Farmers in distress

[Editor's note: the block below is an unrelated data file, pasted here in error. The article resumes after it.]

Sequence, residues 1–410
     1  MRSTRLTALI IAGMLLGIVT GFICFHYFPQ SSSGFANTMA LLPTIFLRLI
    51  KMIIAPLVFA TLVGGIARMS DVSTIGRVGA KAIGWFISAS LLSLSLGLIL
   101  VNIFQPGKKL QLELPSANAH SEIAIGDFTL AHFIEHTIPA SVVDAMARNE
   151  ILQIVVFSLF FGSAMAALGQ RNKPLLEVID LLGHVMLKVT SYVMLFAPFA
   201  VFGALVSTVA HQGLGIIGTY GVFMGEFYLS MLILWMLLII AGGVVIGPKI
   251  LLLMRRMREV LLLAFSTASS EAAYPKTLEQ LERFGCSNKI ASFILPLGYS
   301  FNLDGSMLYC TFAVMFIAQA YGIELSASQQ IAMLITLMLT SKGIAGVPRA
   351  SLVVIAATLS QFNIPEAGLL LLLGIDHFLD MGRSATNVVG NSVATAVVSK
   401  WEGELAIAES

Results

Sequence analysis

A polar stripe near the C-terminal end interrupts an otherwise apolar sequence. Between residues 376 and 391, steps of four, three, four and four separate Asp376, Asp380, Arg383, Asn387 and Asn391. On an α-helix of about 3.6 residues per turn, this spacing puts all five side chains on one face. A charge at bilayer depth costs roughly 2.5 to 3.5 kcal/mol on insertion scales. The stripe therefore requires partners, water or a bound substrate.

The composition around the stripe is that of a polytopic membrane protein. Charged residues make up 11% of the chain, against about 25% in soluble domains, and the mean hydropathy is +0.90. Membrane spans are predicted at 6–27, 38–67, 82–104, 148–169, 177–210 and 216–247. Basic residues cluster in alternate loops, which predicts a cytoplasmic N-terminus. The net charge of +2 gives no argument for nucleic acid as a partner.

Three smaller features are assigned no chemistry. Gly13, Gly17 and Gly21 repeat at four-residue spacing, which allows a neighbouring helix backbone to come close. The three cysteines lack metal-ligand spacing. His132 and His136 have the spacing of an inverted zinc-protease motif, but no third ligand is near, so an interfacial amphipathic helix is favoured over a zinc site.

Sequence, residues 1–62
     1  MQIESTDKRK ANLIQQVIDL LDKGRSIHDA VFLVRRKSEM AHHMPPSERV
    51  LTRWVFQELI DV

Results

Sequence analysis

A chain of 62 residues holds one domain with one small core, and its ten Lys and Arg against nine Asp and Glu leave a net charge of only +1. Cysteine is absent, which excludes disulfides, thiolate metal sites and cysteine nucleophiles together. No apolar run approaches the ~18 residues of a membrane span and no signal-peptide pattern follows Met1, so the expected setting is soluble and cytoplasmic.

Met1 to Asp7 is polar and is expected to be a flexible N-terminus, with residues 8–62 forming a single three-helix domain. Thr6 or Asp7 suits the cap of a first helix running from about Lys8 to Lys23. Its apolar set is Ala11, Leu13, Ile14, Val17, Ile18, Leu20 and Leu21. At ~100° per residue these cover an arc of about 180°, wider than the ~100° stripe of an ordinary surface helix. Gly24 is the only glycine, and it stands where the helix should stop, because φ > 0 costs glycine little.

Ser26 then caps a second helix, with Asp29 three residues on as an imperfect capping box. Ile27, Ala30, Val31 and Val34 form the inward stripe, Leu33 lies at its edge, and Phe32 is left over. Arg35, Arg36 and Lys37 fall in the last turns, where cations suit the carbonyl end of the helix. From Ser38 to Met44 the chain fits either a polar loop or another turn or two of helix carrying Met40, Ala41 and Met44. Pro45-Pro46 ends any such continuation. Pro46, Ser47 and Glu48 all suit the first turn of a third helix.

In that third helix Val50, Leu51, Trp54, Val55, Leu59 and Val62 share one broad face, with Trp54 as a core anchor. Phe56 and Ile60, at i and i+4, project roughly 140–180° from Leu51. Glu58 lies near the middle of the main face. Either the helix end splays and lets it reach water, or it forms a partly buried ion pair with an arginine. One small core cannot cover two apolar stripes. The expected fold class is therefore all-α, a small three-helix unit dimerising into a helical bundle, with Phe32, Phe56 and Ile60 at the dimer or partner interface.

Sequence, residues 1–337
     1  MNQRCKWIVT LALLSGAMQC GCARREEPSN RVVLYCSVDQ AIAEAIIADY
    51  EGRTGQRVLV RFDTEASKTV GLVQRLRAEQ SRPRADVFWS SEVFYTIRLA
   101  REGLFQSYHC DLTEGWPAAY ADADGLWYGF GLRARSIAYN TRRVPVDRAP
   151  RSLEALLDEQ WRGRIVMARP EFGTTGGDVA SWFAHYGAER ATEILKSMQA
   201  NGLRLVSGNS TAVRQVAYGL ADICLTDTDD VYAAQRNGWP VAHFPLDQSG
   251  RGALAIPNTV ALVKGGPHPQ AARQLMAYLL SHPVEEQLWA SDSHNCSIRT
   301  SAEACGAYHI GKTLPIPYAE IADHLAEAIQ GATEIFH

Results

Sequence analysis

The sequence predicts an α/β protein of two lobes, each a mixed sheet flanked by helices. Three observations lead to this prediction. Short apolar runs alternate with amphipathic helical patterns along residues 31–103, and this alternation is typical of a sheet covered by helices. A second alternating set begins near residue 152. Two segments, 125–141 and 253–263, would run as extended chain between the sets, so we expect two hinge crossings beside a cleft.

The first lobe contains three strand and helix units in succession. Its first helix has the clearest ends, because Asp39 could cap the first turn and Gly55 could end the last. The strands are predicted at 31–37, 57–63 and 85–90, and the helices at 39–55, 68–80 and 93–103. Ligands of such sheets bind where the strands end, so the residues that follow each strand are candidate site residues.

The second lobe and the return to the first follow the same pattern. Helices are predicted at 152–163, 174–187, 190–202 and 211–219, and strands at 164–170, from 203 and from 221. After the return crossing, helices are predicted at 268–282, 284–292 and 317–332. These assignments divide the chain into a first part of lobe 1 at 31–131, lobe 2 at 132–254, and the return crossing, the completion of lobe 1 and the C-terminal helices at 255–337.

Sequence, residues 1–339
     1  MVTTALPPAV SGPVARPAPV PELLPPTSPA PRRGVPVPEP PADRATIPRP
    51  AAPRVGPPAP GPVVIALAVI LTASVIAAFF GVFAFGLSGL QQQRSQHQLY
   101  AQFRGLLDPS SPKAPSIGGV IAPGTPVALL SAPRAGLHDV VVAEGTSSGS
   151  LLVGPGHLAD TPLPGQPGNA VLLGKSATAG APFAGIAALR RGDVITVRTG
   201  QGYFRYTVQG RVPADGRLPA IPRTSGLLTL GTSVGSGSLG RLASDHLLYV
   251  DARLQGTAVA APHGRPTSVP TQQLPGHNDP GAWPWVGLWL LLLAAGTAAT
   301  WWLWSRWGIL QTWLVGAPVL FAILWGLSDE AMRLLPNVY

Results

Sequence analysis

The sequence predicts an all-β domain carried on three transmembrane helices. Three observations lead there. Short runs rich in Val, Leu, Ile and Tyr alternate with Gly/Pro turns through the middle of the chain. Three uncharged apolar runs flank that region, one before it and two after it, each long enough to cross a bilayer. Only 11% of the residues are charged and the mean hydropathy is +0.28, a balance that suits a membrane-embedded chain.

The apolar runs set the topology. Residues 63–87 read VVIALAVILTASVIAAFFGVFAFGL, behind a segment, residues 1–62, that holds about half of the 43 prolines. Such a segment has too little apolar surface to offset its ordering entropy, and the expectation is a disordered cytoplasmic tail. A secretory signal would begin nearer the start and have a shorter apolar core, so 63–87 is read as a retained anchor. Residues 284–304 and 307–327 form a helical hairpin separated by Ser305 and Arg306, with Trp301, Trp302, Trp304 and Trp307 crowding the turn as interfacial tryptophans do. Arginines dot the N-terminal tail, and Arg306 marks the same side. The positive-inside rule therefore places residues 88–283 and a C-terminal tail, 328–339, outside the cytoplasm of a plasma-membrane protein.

Develop rural non-farm sector by Ranjit Singh Ghuman Though the phenomenon of suicides by farmers in India has been aptly highlighted by the National Farmers' Commission (NFC) and the media, there are few studies pertaining to the socio-economic analysis of the victims and their households. According to the NFC, about 1.5 lakh farmers committed suicides in India up to 2006 in various states of India. The states with success stories of the green revolution have a high incidence of farmers' suicides. Some studies conclude that the highly capital intensive technique and over-mechanisation of farming operations have resulted in enormous increase in cost of cultivation. In fact, the entire farming operation is subject to serious diminishing returns. This means that the additional increments in the agricultural produce are coming up at a very high additional cost. As a consequence, the net return of the farmer is continuously declining and the debt burden is rising. It has been computed from the cost of cultivation data that the trend growth rate of per hectare net return, over variable costs in Punjab, from both wheat and paddy, was -2.18 per cent per annum during the decade of 1990s. It was -15.46 per cent per annum in cotton during the same period. Alongwith the declining net return, the employment opportunities in agriculture are also shrinking. According to certain estimates (Sucha Singh Gill, 2002), employment in principal crops in Punjab declined from 48 crore man days in 1983-84 to 43 crore man days in 1996-97. Given the state of technology, cropping pattern and shrinkage of land under agriculture, the availability of employment in agriculture must have declined further. In fact, per hectare employment of labour in major crops in Punjab declined by 20.31 per cent in 1996-97 compared to 1983-84. Alongwith this, the net sown area decreased from 4250 thousand hectares in 2000-01 to 4170 thousand hectares in 2005-06, in Punjab. Pressure of workforce on agriculture in India has not declined much over the period of time. At the same time, the number of marginal and small operational holdings in India have increased. A little more than 80 per cent of operational holdings in India are less than five acres. It is amply clear from the foregoing discussion that the economic distress of farmers at the lower rung is not simply because of crop failures or other such reasons, as is being projected by many economists and policy planners. The fundamental reason of their economic distress is rather their limited earnings from their very very small sized operational holdings. What can an acre of land can fetch to a farmer household in a year? The net earnings are between Rs. 15,000 to Rs. 20,000 at the maximum. About 62 per cent of the farmer-households in India fall in this category. If the average family size of such farmers is five persons, then their per day per capita income comes out to be between Rs. 8 to 11. According to a recent report on the status of workers in the unorganized sector (Govt. of India 2007), 77 per cent of the Indian population is having a per capita income of up to Rs. 12 a day. It, thus, includes the above 62 per cent of the farmer households. A recent study (2007) commissioned by the Punjab Farmers commission, on the Agricultural Labour in Punjab, also highlights that per capita daily income of 68 per cent labour households is only up to Rs. 10. This study also highlights that in 69 per cent of the total rural households and 90 per cent of the rural labour households in Punjab there is not even a single matriculation person. The meager level of earnings, non-availability of alternative employment opportunities, shrinking employment opportunities in agriculture, pressing social commitments, non-availability of adequate institutional loan, etc., are responsible for mounting debt burden on the farmers and labourers. According to a recent NSS survey (2005), 48.6 per cent farmer households are under an average debt of Rs. 12585. As regards farmers' suicides in Punjab, there are various estimates. Bharti Kisan Union (Ekta-Ugrahan) has already enlisted 3126 suicides by farmers and agricultural labourers from 376 villages located in 10 districts of Punjab. Interestingly this data pertains to only 3 per cent of the total villages in Punjab. This necessitates a detailed census of suicides in the state. A recent study of 2008 (Gurpreet Singh, Punjabi University) highlights that out of 200 sampled suicide victims 33 were agricultural labourers. This means agricultural labourers are equally under economic distress. The study highlights that about 81 per cent farmer suicide victims own less than 5 acres of land and the remaining 19 per cent were in the range of 5 to 10 acres. The average amount of debt on the farmer victims' households was Rs. 2.7 lakh and that and the labour households was Rs. 57121. It is often said that unproductive use of loan, drug addition and shirking from work are the basic reasons behind farmers' suicides in Punjab. Various studies, however, highlight that economic distress is the root-cause behind the suicide by farmers and labourers. As regards work-shirking, not even single farmers upto 5 acres employ any attached labourer. Only 35 per cent of such farmers occasionally employ casual labour. Clearly, the solution to the problem lies in the correct diagnosis of the illness. The illness lies in the small-size of holdings and unbearable burden of workforce on agriculture. The solution would, thus be, the systematic withdrawal of work force from the agricultural sector. And that would be possible only by the development of the rural non-farm sector. This transition is inevitable. Planned and systematic efforts would, however, make it less painful. The writer is professor of economics at Punjabi University, Patiala